An excellent example of a dry cymbal is the Meinl Byzance Extra Dry Thin Crash. As this cymbal is so dry, I’ve found its sound to be an acquired taste. Some drummers love it; others hate it.
Warm cymbals are very similar to dark ones. Warm and dark are two qualities that go hand-in-hand. However, a cymbal will be referred to as warm because it has a soft frequency response.
The tone will be low-pitched, but it will mainly be soft. Some dark cymbals, such as the Meinl Classics Custom Dark line, are quite loud, stopping them from being warm.
Most cymbals in the Zildjian K Custom line can be considered warm, as well as most of the cymbals in the Sabian HHX line.
Check out this video of a 21-inch Zildjian K Custom Sweet ride being played. Pay attention to how smooth the tone is, perfectly representing the warmth found in many other cymbals.
While dry cymbals have a hint of trashiness, some cymbals are made to sound as trashy as possible. A trashy cymbal will have a very raw sound that is dirty in the tonal spectrum.
If you play a trashy cymbal on its own, you’ll think that it sounds quite bad. However, having trashy cymbals being played in the context of a full drum kit brings a very interesting sound.
The trashiest-sounding cymbals are typically chinas. They have incredibly loud sounds that are full of unpleasant overtones. They’re perfect for use during metal breakdowns and other loud song parts.
Cymbals with holes in them will also sound trashy. They’re commonly referred to as trash crashes.
Here’s a video of Zildjian K Custom Special Dry cymbals with holes being played. They have a mixture of dryness and trashiness.
Articulation refers to how clean a cymbal sounds when you strike it on the surface. Some cymbals have incredibly clean tones, while others are too washy to hear each distinct stick strike.
Typically, bright cymbals are the most articulate. Since they have the thickest structures, playing them on the surface produces a loud and cutting sound. However, drummers may want the articulation but not the brightness.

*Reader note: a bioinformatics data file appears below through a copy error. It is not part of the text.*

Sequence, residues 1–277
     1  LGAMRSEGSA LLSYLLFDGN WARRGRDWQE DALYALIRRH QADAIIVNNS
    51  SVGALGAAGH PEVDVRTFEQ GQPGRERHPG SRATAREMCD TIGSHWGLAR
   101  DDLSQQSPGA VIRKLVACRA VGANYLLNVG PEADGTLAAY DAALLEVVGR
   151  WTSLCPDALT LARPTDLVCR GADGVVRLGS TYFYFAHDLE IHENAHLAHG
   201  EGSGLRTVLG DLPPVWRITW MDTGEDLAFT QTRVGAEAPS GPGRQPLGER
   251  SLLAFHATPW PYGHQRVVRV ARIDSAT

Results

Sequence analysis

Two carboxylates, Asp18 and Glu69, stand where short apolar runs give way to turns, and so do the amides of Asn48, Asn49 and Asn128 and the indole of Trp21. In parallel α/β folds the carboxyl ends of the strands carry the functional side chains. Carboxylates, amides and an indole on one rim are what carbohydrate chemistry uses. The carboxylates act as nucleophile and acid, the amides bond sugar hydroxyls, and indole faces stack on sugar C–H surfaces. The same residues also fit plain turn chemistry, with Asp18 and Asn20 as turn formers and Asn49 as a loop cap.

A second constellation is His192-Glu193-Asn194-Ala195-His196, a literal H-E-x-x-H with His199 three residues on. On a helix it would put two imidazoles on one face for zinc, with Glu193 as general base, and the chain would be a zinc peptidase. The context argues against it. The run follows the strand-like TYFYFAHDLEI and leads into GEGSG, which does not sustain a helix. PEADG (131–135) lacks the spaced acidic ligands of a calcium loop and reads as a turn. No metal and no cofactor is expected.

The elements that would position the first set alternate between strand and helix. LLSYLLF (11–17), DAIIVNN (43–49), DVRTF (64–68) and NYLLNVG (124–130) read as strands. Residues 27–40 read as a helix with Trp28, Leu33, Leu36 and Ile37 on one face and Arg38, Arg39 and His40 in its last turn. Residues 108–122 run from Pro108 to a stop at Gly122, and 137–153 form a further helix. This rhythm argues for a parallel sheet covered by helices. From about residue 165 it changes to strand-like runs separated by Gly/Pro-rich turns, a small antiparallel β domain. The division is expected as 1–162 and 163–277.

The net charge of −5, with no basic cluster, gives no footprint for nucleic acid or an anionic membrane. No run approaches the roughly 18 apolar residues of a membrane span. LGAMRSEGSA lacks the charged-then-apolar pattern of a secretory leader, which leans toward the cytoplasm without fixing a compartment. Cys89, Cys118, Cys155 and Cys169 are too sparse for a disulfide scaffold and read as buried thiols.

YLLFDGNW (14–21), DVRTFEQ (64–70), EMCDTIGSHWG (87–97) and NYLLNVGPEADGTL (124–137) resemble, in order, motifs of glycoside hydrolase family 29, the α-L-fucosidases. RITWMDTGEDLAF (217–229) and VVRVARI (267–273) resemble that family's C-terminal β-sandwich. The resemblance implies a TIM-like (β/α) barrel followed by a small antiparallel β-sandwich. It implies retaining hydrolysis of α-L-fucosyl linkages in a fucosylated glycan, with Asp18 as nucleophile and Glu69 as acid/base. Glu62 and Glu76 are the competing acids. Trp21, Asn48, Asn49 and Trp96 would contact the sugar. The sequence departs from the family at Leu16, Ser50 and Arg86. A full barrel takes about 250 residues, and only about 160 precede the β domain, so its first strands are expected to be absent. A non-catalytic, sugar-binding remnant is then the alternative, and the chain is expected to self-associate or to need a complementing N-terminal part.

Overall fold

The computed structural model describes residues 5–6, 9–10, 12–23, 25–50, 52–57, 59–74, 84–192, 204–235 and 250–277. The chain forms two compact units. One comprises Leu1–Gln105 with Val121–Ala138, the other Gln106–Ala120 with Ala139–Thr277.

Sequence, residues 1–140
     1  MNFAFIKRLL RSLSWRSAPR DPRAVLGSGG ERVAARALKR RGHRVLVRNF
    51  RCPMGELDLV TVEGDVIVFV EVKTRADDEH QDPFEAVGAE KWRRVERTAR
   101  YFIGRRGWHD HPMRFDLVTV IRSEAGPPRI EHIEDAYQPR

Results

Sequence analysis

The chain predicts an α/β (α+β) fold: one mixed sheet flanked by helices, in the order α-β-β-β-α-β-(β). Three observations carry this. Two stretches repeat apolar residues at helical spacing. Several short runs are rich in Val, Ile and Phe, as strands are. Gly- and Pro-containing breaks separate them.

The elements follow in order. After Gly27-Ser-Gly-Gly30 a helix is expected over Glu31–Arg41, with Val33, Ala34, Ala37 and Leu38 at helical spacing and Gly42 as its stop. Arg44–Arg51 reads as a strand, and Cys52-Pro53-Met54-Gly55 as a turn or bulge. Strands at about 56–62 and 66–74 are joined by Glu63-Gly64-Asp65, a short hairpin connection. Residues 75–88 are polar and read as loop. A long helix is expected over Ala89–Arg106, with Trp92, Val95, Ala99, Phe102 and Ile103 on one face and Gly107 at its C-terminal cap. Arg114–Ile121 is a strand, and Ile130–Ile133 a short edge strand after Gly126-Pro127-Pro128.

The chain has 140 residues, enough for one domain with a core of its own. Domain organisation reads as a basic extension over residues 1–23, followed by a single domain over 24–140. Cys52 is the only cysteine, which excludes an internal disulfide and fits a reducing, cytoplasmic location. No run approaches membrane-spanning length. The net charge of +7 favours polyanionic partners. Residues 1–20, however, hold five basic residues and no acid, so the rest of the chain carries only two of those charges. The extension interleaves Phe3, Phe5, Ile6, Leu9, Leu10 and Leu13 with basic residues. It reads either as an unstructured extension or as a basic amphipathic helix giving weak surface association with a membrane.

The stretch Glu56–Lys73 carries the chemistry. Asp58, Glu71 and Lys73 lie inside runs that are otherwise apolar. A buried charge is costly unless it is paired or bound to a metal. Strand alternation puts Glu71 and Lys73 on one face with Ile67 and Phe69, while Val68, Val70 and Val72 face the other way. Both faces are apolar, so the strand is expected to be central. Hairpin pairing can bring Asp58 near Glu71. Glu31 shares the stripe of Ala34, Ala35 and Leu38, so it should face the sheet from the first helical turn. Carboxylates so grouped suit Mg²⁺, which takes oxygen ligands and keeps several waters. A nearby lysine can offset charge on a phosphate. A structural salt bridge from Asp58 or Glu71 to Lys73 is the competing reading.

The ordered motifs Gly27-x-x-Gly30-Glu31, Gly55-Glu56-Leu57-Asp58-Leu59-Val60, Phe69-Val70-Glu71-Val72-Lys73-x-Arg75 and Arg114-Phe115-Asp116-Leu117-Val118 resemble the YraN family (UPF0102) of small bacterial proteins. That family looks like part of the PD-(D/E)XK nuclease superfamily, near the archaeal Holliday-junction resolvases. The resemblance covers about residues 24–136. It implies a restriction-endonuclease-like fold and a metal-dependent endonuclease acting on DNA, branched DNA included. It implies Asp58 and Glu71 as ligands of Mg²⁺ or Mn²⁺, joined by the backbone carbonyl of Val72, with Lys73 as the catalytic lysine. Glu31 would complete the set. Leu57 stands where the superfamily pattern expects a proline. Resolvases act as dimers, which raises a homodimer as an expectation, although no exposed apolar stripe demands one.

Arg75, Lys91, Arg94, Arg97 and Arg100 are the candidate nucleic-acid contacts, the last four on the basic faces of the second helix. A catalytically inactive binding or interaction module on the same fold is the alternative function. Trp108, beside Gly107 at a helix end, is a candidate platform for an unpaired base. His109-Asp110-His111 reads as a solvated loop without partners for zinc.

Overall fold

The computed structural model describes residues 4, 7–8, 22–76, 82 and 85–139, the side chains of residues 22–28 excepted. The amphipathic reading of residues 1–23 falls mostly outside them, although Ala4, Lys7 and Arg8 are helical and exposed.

In that case, you’d need to find a darker or drier cymbal that has good articulation. Dry cymbals are usually the better option for that.
The best example of an articulate cymbal that I can think of is the Meinl Transition Ride. It was designed to be washy but have enough articulation to be heard when playing on the surface.
Attack refers to how quickly a cymbal responds when being struck. Some cymbals will make a sound much faster than others. Think of how a splash cymbal makes a quick sound as you hit it. Now think of how a ride cymbal takes longer to open up when you crash on it.
Smaller cymbals have more attack than larger ones. Brighter cymbals also have more attack than darker ones.
It works best to have a mixture of cymbals with fast and slow attacking tones. If you only have cymbals with quick attacking tones, your setup may sound too aggressive.
When a cymbal is glassy, it has a shimmering sound that rings for a bit after you hit it. I usually find that cheaper cymbals are quite glassy, and it’s not a tonal quality that I’d personally want in any professional setting. However, some drummers I know love it.
Most glassy cymbals are also very bright. The glassy after tone is the added addition to the bright attacking tones.
A good example of glassy cymbals comes from the Zildjian S Family. These intermediate cymbals have a high-pitched shimmer when you hit them, making them some of the glassiest cymbals that I know of.
Resonance refers to how long a cymbal rings. Larger cymbals are typically more resonant than smaller ones. Brighter cymbals are also more resonant.
The key factor in resonance is how long the cymbal vibrates. As larger cymbals have more surface area, they vibrate for longer. Brighter cymbals are thicker than most other cymbals, also making them vibrate for longer.
If you want a cymbal with plenty of resonance, you should be looking at options with bright tones.
If you want resonance but not brightness, then look for cymbals of larger sizes. I love resonant cymbals, but I’m not the biggest fan of bright cymbals. So, I use a 20-inch crash cymbal that rings for longer than a 16 or 18-inch crash would.